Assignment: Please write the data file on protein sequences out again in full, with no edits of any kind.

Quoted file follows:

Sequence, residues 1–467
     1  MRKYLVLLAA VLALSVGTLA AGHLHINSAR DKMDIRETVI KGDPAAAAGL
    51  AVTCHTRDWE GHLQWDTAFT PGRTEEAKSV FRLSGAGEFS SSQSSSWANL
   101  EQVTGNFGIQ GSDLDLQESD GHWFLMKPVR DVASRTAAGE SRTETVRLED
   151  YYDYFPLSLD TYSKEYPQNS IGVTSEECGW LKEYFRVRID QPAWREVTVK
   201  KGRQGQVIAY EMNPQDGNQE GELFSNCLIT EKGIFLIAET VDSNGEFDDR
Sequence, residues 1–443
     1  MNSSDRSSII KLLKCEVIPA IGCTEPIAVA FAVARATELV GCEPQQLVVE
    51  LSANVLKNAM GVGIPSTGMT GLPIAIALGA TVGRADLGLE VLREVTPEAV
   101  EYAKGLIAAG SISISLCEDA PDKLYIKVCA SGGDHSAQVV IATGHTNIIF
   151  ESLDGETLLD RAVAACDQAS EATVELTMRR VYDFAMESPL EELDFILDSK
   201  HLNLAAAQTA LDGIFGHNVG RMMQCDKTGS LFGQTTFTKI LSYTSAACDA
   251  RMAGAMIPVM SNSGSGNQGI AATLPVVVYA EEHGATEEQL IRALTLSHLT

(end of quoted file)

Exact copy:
Sequence, residues 1–467
     1  MRKYLVLLAA VLALSVGTLA AGHLHINSAR DKMDIRETVI KGDPAAAAGL
    51  AVTCHTRDWE GHLQWDTAFT PGRTEEAKSV FRLSGAGEFS SSQSSSWANL
   101  EQVTGNFGIQ GSDLDLQESD GHWFLMKPVR DVASRTAAGE SRTETVRLED
   151  YYDYFPLSLD TYSKEYPQNS IGVTSEECGW LKEYFRVRID QPAWREVTVK
   201  KGRQGQVIAY EMNPQDGNQE GELFSNCLIT EKGIFLIAET VDSNGEFDDR
Sequence, residues 1–443
     1  MNSSDRSSII KLLKCEVIPA IGCTEPIAVA FAVARATELV GCEPQQLVVE
    51  LSANVLKNAM GVGIPSTGMT GLPIAIALGA TVGRADLGLE VLREVTPEAV
   101  EYAKGLIAAG SISISLCEDA PDKLYIKVCA SGGDHSAQVV IATGHTNIIF
   151  ESLDGETLLD RAVAACDQAS EATVELTMRR VYDFAMESPL EELDFILDSK
   201  HLNLAAAQTA LDGIFGHNVG RMMQCDKTGS LFGQTTFTKI LSYTSAACDA
   251  RMAGAMIPVM SNSGSGNQGI AATLPVVVYA EEHGATEEQL IRALTLSHLT